Oral Interpreter

Senior Expo logo

A few months ago I started working for the Sanderson Center for the Deaf and Hard of Hearing as a hard of hearing assistant. One of the my responsibilities is booth duty. Last Thursday I did booth duty for the first time at the Senior Expo here in town. For five hours I was in a noisy convention hall with booming announcements on the overhead speakers that were just horribly intrusive to conversation. Even the hearing people said it was loud, annoying and hard to understand. Not far from the Sanderson Center booth was an assisted living company with their own speaker system doing a raffle with lots of yelling and applauding too.

Even with all that and terrible acoustics, I had a great time talking to people. I had to concentrate, get repeats and lip read but I did fairly well. A few people taught me things and the most interesting one was that Europe has high definition telephones, kind of like the TV only for phones. This lady swore it sounded ten times better than our phone system here in the USA. She wants to advocate for the kind of system here. I helped a lot of people understand what the Sanderson Center had to offer. The candy dishes set out attracted many people to our booth. It’s amazing how big a draw that was alone. A shiny gold Elvis showed up late in the afternoon and I saw an older lady in sparkly blues and greens and admired her too. I enjoyed my booth duty so much, I sort of feel guilty getting paid to do it. My boss laughs and tells me not to because I helped many people.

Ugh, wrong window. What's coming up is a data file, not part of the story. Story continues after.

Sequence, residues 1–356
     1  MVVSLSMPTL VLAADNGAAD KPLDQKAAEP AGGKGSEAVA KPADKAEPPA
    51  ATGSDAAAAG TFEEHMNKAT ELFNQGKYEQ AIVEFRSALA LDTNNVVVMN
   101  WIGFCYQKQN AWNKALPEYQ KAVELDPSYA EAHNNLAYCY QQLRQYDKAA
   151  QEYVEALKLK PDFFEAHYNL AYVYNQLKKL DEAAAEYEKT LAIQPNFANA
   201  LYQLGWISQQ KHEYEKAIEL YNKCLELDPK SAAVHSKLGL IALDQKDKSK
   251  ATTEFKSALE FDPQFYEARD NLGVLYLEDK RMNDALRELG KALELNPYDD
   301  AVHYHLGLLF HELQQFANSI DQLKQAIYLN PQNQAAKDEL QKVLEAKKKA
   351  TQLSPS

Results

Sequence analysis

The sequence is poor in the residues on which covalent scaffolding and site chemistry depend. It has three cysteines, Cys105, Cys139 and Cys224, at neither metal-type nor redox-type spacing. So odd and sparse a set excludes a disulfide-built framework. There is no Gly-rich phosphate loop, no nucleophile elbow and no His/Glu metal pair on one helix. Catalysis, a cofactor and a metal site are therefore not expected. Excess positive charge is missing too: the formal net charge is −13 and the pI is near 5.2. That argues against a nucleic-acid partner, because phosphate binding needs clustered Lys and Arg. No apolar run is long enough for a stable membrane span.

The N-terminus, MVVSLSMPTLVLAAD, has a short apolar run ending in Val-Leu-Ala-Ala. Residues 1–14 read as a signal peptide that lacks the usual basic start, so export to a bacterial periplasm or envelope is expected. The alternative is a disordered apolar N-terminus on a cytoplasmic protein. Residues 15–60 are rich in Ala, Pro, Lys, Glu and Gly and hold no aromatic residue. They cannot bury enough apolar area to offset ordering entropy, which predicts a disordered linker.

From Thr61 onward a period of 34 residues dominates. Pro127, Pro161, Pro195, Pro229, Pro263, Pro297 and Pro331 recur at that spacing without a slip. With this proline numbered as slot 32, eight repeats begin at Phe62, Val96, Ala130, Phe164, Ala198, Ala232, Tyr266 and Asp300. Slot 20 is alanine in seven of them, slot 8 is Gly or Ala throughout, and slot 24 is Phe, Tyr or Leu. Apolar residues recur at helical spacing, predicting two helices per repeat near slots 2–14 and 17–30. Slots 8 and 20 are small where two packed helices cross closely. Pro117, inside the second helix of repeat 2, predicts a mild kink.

Elvis

I had a first time experience while there, an oral interpreter. Several of my co-workers use sign language fluently and I was the only one there who doesn’t. Because they knew it would be noisy, there were two sign language interpreters there to help out which the others used. I didn’t think I’d use them at all but at one point, all my co-workers were wandering the hall when a guy came up who I could not understand. I waved one of the sign interpreters to me telling him I couldn’t sign but needed help so he listened to the guy and then turned to face me, about a foot away, and enunciated his words carefully without going to monkey lips and I understood everything. Even though I only used him once, it was so nice to have that accommodation as a back up. I was so happy to have that accommodation as a back up and felt incredibly lucky to have it available and to be working where I do.

How did I get this job? I think all my past volunteering paved the way. Why did I volunteer? Because I care about hearing loss and helping people who have it. Already what I’ve learned from my bad experiences has helped others. Not everyone seems to want support with hearing loss but the lost souls who ask, I can help. They feel less alone and it makes me feel good. It gives my own hearing loss a purpose.

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